Another study found in the systematic review, by Dyar et al,14 compared a nurse practitioner–directed palliative care intervention versus usual care for patients with metastatic solid tumors. This was a pilot study of 26 participants, and hospice referral was the primary outcome. The study was closed early after the publication of ENABLE II.26 One QOL score improved with intervention (statistically significant; change from baseline mental QOL), as did the Functional Assessment of Cancer Therapy–General Measure (FACT-G) emotional score. As a result of several factors, such as follow-up and sample size, the investigators found it hard to assess the primary outcome. The primary limitation was small sample size.
Since the 2012 PCO,1 other studies have involved participants with NSCLC (as did the 2010 Temel et al2 study). Ferrell et al20 performed a prospective, sequential, quasiexperimental study with 491 participants. The usual care group was recruited first, followed by recruitment of an intervention group. The intervention included baseline assessment, palliative care plan, interdisciplinary care meetings, palliative and/or supportive care referrals, and education sessions. The primary outcomes were QOL, symptom relief, and psychological distress at 12 weeks, with no specified primary outcome. The Ferrell et al study included patients with stage I to IV NSCLC (patients with early-stage NSCLC were not included in earlier trials). Stage differences were analyzed (early v late). QOL measures (FACT-Lung [FACT-L], Lung Cancer Subscale, Trial Outcome Index, spiritual well-being and psychological distress, FACIT-Sp, and Distress Thermometer) showed statistically significant differences favoring the palliative care group. Intervention participants received significantly more referrals, including to social work, chaplaincy, nutrition, and pain services, and more advanced EOL planning (all four measures). There were no statistically significant differences in hospice use, EOL chemotherapy use, or survival. One strength of this study was its inclusion of participants with early-stage disease. A multivariable analysis found that patients with early-stage NSCLC had significantly higher QOL outcomes than those with late-stage disease. A limitation was that the study was a sequential trial, not an RCT, leading to possible selection bias.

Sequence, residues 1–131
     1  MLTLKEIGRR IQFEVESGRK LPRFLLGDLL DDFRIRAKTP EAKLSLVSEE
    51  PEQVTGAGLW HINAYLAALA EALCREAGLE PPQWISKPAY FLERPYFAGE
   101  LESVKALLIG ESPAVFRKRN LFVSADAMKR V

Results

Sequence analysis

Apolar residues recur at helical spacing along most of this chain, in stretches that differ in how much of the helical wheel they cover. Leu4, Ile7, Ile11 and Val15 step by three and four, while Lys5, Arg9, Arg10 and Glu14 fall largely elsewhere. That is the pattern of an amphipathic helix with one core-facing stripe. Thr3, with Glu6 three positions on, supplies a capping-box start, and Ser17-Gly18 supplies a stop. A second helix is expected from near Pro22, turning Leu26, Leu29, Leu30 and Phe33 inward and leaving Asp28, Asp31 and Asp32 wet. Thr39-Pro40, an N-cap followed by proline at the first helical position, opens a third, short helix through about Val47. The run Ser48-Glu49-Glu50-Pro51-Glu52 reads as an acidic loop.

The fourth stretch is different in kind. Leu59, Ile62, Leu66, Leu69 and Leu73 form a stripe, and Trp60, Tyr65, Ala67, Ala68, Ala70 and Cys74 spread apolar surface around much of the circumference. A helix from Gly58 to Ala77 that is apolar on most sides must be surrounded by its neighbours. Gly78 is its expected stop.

The ENABLE III study by Bakitas et al11 compared early versus delayed palliative care in 207 patients with new, progressive, or relapsed solid tumors or hematologic malignancies with prognoses of 6 to 24 months. The intervention included an in-person palliative care consultation, nurse-led telephone coaching sessions, and follow-up. Outcomes included QOL, 1-year survival, and resource use; no primary outcome was selected. As mentioned, the 2012 PCO1 discussed the ENABLE II study. In ENABLE III, 4.8% of patients had hematologic malignancies, a group not included in many palliative care studies. Approximately 60% of the participants lived in rural areas. One-year survival was significantly improved (P = .04), although overall survival was not. The authors noted that regional palliative care quality improvement projects and growing acceptance of early palliative care as a standard of care may have affected recruitment and reduced the ability to reach the accrual target. In addition, half of the patients in the delayed group received palliative care consults earlier than specified in the protocol.